- This implies that there is possibly extra or redundant information in the axis/angle format
- The redundancy manifests itself in the magnitude of the axis vector. The magnitude carries no information, and so it is redundant. To remove the redundancy, we choose to normalize the axis, thus constraining the extra degree of freedom

Matrix Representation

- We can use a 3x3 matrix to represent an orientation as well
- This means we now have 9 numbers instead of 3, and therefore, we have 6 extra degrees of freedom
- NOTE: We don’t use 4x4 matrices here, as those are mainly useful because they give us the ability to combine translations. We will not be concerned with translation today, so we will just think of 3x3 matrices.

Matrix Representation

- Those extra 6 DOFs manifest themselves as 3 scales (x, y, and z) and 3 shears (xy, xz, and yz)
- If we assume the matrix represents a rigid transform (orthonormal), then we can constrain the extra 6 DOFs

Matrix Representation

- Matrices are usually the most computationally efficient way to apply rotations to geometric data, and so most orientation representations ultimately need to be converted into a matrix in order to do anything useful (transform verts…)
- Why then, shouldn’t we just always use matrices?
- Numerical issues
- Storage issues
- User interaction issues
- Interpolation issues

Quaternions

- Quaternions are an interesting mathematical concept with a deep relationship with the foundations of algebra and number theory
- Invented by W.R.Hamilton in 1843
- In practice, they are most useful to us as a means of representing orientations
- A quaternion has 4 components

Quaternions (Imaginary Space)

- Quaternions are actually an extension to complex numbers
- Of the 4 components, one is a ‘real’ scalar number, and the other 3 form a vector in imaginary ijk space!

Quaternions (Scalar/Vector)

- Sometimes, they are written as the combination of a scalar value s and a vector value v

where

Unit Quaternions

- For convenience, we will use only unit length quaternions, as they will be sufficient for our purposes and make things a little easier
- These correspond to the set of vectors that form the ‘surface’ of a 4D hypersphere of radius 1
- The ‘surface’ is actually a 3D volume in 4D space, but it can sometimes be visualized as an extension to the concept of a 2D surface on a 3D sphere

Quaternions as Rotations

- A quaternion can represent a rotation by an angle θ around a unit axis a:
- If a is unit length, then q will be also

Quaternion to Matrix

- To convert a quaternion to a rotation matrix:

Matrix to Quaternion

- Matrix to quaternion is not too bad, I just don’t have room for it here
- It involves a few ‘if’ statements, a square root, three divisions, and some other stuff
- See Sam Buss’s book (p.305) for the algorithm

Spheres

- Think of a person standing on the surface of a big sphere (like a planet)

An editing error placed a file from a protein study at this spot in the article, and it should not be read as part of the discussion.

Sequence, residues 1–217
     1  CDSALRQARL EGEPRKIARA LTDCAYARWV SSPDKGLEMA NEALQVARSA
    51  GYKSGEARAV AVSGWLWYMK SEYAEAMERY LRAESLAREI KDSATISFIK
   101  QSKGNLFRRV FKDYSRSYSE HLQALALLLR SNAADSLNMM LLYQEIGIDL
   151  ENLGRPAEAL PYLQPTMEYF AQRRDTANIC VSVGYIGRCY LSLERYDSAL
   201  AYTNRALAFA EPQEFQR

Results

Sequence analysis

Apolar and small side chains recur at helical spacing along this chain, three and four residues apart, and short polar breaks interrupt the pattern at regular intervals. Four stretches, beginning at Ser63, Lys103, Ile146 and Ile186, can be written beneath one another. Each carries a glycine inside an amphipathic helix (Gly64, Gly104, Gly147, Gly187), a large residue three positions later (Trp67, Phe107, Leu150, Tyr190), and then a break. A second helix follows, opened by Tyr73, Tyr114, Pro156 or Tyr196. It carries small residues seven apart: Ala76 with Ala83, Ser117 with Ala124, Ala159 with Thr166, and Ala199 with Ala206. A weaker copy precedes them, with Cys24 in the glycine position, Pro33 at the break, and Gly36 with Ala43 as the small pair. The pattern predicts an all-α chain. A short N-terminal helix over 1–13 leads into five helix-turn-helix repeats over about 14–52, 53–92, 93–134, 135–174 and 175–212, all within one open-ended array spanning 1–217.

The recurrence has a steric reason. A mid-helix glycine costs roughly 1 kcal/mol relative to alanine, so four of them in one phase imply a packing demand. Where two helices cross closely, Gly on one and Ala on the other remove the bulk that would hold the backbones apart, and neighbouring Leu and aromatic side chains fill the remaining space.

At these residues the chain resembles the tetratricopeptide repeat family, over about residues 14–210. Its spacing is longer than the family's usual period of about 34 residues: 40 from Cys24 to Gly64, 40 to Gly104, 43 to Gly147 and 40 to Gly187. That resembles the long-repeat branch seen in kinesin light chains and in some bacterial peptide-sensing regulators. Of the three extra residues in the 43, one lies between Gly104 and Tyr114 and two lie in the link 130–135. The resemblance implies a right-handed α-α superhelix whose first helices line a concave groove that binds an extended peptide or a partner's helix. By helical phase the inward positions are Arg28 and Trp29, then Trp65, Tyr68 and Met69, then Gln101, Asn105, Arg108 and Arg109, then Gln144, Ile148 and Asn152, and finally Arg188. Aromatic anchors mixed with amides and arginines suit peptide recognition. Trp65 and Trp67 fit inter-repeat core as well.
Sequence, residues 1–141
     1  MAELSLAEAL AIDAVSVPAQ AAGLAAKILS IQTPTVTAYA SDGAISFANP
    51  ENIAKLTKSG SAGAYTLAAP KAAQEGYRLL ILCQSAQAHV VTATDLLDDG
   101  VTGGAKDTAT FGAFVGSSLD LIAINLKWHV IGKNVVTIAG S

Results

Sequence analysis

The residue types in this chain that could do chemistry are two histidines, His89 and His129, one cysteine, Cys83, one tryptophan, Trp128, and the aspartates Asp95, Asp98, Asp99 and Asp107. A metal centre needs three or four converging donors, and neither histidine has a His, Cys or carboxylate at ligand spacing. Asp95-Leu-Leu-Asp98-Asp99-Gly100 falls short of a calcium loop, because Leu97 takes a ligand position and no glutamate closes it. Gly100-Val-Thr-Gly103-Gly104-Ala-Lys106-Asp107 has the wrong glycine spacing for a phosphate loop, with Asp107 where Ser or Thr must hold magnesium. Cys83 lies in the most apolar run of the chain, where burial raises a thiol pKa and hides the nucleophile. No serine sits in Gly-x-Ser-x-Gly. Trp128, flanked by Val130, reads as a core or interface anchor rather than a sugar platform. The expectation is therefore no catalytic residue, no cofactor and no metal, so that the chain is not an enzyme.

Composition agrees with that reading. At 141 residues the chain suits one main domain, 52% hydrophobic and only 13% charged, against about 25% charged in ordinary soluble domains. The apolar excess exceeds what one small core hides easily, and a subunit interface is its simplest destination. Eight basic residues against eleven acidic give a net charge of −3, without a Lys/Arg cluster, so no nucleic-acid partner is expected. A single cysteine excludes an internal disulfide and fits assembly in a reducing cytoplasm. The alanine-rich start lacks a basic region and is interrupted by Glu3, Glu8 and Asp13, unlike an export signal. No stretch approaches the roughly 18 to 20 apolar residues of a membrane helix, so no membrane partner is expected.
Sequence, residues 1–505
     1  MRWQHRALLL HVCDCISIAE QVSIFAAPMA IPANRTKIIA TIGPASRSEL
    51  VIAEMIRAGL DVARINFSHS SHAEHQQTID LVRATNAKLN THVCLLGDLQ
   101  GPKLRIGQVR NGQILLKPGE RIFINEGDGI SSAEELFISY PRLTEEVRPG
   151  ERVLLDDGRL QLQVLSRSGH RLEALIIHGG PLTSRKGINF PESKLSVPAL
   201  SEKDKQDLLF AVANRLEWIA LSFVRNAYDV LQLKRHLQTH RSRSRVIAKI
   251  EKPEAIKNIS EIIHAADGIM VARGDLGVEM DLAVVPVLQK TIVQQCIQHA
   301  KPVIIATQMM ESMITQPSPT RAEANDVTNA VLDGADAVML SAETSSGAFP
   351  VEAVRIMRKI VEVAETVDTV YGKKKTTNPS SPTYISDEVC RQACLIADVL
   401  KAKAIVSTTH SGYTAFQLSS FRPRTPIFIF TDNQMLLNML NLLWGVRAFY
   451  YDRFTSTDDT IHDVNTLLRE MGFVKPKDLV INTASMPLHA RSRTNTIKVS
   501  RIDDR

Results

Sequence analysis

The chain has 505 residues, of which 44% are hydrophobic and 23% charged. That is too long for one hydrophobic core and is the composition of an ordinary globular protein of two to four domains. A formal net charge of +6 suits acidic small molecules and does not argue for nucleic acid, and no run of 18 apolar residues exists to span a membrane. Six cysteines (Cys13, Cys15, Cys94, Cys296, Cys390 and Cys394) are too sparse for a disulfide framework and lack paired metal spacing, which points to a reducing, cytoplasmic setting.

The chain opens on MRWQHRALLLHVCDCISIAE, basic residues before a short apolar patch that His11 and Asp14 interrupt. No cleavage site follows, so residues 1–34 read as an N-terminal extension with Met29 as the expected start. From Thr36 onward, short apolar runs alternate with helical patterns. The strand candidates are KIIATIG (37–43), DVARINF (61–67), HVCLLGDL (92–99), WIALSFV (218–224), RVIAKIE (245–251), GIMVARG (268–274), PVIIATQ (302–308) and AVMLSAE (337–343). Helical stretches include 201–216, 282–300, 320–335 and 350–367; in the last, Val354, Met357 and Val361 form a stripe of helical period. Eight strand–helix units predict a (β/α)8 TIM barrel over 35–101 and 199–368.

- From the person’s point of view, they can move in along two orthogonal axes (front/back) and (left/right)
- There is no perception of any fixed poles or longitude/latitude, because no matter which direction they face, they always have two orthogonal ways to go
- From their point of view, they might as well be moving on a infinite 2D plane, however if they go too far in one direction, they will come back to where they started!

Hyperspheres

- Now extend this concept to moving in the hypersphere of unit quaternions
- The person now has three orthogonal directions to go
- No matter how they are oriented in this space, they can always go some combination of forward/backward, left/right and up/down
- If they go too far in any one direction, they will come back to where they started

Hyperspheres

- Now consider that a person’s location on this hypersphere represents an orientation
- Any incremental movement along one of the orthogonal axes in curved space corresponds to an incremental rotation along an axis in real space (distances along the hypersphere correspond to angles in 3D space)
- Moving in some arbitrary direction corresponds to rotating around some arbitrary axis
- If you move too far in one direction, you come back to where you started (corresponding to rotating 360 degrees around any one axis)

Hyperspheres

- A distance of x along the surface of the hypersphere corresponds to a rotation of angle 2x radians
- This means that moving along a 90 degree arc on the hypersphere corresponds to rotating an object by 180 degrees
- Traveling 180 degrees corresponds to a 360 degree rotation, thus getting you back to where you started
- This implies that q and -q correspond to the same orientation

Hyperspheres

- Consider what would happen if this was not the case, and if 180 degrees along the hypersphere corresponded to a 180 degree rotation
- This would mean that there is exactly one orientation that is 180 opposite to a reference orientation